Cross your eyes, and imagine the pyramid above is one huge, layer cake and the little red blur at the top is a cherry.
Now, if the first four layers are made of mud, shit, snot and sawdust respectively, is that cherry going to make a difference to the taste? – Clearly not, yet this is how the supplement industry wants you to think about your nutrition.
Supplements can be broadly categorised by their physique, performance, or health benefits. How important they are depends on context, but in general, not very.
Any article or advertisement that you come across which contradicts the above is likely aimed at your wallet. So, if you haven’t got the first four parts of the nutrition pyramid in place, please do so before reading any further, because no single supplement is going to have more impact on your diet than getting your diet right in the first place.
Protein powder is convenient, BCAAs are arguably necessary for fasted training, caffeine can give you the right kick to make a more effective workout, and by many standards, fish oils seem to improve just about everything to a small degree which makes them worth considering.
Dude, is that it?
Why, Andy?! Tell me the good stuff.
I already told you the ‘good stuff’. You simply don’t want to believe it because you have been seduced by the idea of supplements as shortcuts or as necessity. Trust me bud, I’ve been there. All the best stuff is in parts one to four and that is how I got my clients the results they achieved.
Ok but what about your clients, those results can’t all just be down to food and training, right?
Wrong. I suggest protein powder to people for convenience, insist on BCAAs if someone chooses to train fasted, but everything else is optional and I encourage people to use the minimum.
But come on, surely you can go into more detail, right?
Yes I sure could, but for the rest we’re talking about minor fractions and I’m painfully aware that making any list, regardless of any strong preface to it, will result in people going out and purchasing the list in its entirety, regardless, because that’s just how people are.
Didn’t you forgot to mention creatine?
Creatine is probably the most researched supplement out there. It is safe, cheap, can boost strength and has neuroprotective and cardioprotective properties.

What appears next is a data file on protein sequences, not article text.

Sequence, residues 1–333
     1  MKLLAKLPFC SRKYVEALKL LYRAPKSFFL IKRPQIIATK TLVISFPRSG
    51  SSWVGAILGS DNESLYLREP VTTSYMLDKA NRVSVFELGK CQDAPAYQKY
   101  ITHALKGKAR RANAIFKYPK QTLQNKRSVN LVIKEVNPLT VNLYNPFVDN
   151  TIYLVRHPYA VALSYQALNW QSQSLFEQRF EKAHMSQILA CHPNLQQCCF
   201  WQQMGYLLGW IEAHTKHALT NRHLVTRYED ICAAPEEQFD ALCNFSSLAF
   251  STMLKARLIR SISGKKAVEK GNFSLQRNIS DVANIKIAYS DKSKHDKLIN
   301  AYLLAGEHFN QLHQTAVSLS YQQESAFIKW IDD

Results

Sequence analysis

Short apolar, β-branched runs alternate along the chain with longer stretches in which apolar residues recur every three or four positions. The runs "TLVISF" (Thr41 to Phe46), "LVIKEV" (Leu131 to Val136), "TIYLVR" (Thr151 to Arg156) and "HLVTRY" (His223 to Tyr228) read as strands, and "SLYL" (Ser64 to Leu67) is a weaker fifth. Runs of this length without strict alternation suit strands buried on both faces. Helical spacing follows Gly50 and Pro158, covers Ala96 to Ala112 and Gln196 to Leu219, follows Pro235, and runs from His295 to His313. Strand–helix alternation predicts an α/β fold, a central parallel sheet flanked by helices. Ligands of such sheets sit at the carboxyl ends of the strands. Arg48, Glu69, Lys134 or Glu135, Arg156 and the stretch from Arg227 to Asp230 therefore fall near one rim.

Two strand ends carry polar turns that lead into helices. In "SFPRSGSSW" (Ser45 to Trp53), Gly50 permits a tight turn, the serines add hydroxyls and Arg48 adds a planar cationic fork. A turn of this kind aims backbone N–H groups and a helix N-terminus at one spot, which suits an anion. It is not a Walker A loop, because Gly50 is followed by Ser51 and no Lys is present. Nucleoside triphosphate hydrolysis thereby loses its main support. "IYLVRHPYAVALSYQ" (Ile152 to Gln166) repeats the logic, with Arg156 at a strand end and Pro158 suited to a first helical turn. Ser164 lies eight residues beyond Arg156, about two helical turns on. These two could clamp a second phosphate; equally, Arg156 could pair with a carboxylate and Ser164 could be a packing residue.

Creatine causes increased water uptake in the muscles and can cause bloating. In some individuals it can take a full 30 days for this to take effect. So bear this in mind when interpreting your tracking data.
I don’t personally use it as it gives me headaches and diarrhoea.
Tell me more about the fish oils, should I take them?
If you can afford the addition then perhaps consider them. Use the information on examine.com to make your decision. Just watch out for the EPA, DHA content in your capsules as there is a lot of stuff out there with little of that good stuff you want.
What about Yohimbine HCL?
You probably want to get to Scott, Jeff and Phil’s level of leanness before this is going to prove useful (assuming you’re doing everything else right) and even then, cardio comes first.
Why would it be useful then and not before?
Fat loss happens in pretty much a predetermined order. As we get leaner, it gets more and more difficult to shift the fat. The very last places where fat comes off – lower abs, glutes, thighs (for the women) – are like that due to poorer blood flow in those areas (put your hand on your butt, is it colder?) and the alpha/beta receptor ratio.
Yohimbine HCL will help with the blood flow issue to those areas, but isn’t going to do anything to help those areas that already have sufficient blood flow to mobilise fat once it is released from the stores*.
You may see that it’s banned in your country. – This has nothing to do with people taking it for fat loss and everything to do with men mega-dosing with it to correct erectile dysfunction and killing themselves when their blood pressure drops.
(*If that flash of science ticked your fancy, may I direct you to a wonderful afternoon’s reading that is The Stubborn Fat Solution, by Lyle McDonald, which will teach you more about fat oxidation than 99.99% of the population.)
What do you think about supplement ‘x’?
Check out examine.com. It’s an excellent and unbiased resource on supplements.
“Give a man a fish and you feed him for a day; teach a man to fish and you feed him for a lifetime.”
What dosage should I take of…?
Check out examine.com.
Anything else to share?
You could have just written all of the above in a traditional article.
A tongue-in-cheek conversational FAQ was the only way I could overcome my apathy to write an article on supplements.
So what are your thoughts on pre-workout supplements then?
You can’t supplement to cover your own lack of mental focus, yet this is what I see a lot of.
Switching your phone off, putting some headphones in so you don’t get drawn into conversations, and visualising your next set going perfectly during your rest times will do more for your workouts that any supplement can.
Feeling tired? Have a cup of coffee.
Questions welcomed in the comments. – Andy
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